Following the unique lifting of limits on brown coal mining by the government in Bílina, North Bohemia, the Bílina Mine has formally set the ball rolling to be allowed to mine more than 150 million tons of coal still in the ground. Once approved, heavy machinery will move within half a kilometre of nearby villages. Before miners can remove a single lump of coal, however, further steps will have to be taken.
The promise of more than 150 million tons of coal in the ground in North Bohemia at the site of the Bílina mined owned by Severočeské doly is one which was too good to pass up. Supporters await it will be a boost for the local economy, despite warnings from some in the medical community. Steps are proceeding to see the mine’s reach broadened and new digging to begin: before that, several hurdles remain. For one, archaeologists will have to complete their research at a local medieval cemetery. An unexpectedly important find could, in theory, put the entire mining expansion at risk. Before expanded mining can take place, at the very least, the site will have to be transferred elsewhere.
The transfer of local fauna, Czech TV reported, has already begun: animals which would be threatened by mining are already being transferred to safer ground include threatened crawdads and freshwater clams. Dozens of nesting boxes have also been put up, to draw local birds away from areas to be mined Lukáš Kopecký, the spokesman for Severočeské doly, confirmed.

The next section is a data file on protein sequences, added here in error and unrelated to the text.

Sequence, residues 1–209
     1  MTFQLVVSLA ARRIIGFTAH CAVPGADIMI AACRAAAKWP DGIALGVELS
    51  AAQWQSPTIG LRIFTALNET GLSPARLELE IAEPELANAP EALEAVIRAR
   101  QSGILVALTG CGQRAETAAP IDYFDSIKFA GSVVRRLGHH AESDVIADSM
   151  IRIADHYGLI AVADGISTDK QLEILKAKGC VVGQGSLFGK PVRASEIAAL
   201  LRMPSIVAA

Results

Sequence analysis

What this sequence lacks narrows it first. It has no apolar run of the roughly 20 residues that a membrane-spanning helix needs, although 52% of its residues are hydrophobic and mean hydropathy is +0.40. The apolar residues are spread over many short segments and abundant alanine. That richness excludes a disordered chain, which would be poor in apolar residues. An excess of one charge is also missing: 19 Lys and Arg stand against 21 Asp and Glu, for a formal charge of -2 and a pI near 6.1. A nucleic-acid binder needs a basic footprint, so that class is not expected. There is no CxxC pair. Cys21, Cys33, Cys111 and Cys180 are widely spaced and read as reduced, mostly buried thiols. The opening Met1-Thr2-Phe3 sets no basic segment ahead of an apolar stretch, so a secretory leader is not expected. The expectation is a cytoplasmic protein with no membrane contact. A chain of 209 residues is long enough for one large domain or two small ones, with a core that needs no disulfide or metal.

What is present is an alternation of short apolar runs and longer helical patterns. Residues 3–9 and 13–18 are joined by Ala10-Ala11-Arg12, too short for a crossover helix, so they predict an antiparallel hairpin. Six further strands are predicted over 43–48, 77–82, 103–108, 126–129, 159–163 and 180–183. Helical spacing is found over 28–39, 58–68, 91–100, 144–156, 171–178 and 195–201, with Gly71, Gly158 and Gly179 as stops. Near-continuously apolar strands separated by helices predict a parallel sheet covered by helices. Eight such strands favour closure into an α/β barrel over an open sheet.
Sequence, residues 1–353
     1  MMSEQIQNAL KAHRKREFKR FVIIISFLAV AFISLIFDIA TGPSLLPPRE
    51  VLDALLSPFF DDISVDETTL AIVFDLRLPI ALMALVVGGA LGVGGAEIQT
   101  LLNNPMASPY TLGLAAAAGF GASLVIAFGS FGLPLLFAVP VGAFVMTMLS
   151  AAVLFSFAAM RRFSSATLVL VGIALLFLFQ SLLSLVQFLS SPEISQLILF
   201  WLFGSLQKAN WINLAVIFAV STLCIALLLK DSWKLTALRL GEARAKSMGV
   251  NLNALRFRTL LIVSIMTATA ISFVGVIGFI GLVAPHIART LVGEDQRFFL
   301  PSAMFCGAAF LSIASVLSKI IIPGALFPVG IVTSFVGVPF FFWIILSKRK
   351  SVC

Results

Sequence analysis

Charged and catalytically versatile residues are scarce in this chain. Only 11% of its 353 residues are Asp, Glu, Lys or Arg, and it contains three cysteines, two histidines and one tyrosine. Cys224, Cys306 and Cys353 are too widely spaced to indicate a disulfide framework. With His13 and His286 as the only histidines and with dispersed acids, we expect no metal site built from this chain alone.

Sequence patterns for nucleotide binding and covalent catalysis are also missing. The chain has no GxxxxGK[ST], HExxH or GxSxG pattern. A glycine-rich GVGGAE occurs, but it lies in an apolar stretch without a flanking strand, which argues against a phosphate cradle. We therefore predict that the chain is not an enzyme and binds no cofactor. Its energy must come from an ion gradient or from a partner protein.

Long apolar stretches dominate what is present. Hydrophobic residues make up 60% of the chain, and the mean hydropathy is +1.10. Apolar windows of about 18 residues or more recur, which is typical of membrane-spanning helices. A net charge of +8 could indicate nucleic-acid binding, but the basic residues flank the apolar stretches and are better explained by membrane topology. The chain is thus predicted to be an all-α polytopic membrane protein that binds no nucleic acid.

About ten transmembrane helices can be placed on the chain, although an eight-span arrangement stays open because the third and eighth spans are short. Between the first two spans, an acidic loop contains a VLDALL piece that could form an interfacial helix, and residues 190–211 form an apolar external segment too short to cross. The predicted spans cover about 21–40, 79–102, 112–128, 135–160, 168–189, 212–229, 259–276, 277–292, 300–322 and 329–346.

“They are there so that birds will have enough time to relocate when the mining begins.”
Meanwhile, some 200,000 saplings have been planted along a six-kilometre-long stretch to create a future natural barrier between areas being mined and the closest nearby houses. One of the main local roads will cease to exist and an alternative built. Severočeské doly’s Lukáš Kopecký again.
“Beyond the hill, we will build a brand-new road as a replacement.”
The limits on brown coal mining in northern Bohemia were established in 1991 as a guarantee for municipalities situated on coal deposits that they would not be pulled down to make way for further excavation work. But the government’s long-term energy strategy failed to ease the country’s dependence on brown coal and the government gradually floated the idea that the limits might be struck down. The limit, however were only lifted for the Bílina pit and expansion, upon which no homes or villages lie; miners are asking, for now, to be able to excavate coal in the expanded area until 2035, but could extend that still further, until 2050.
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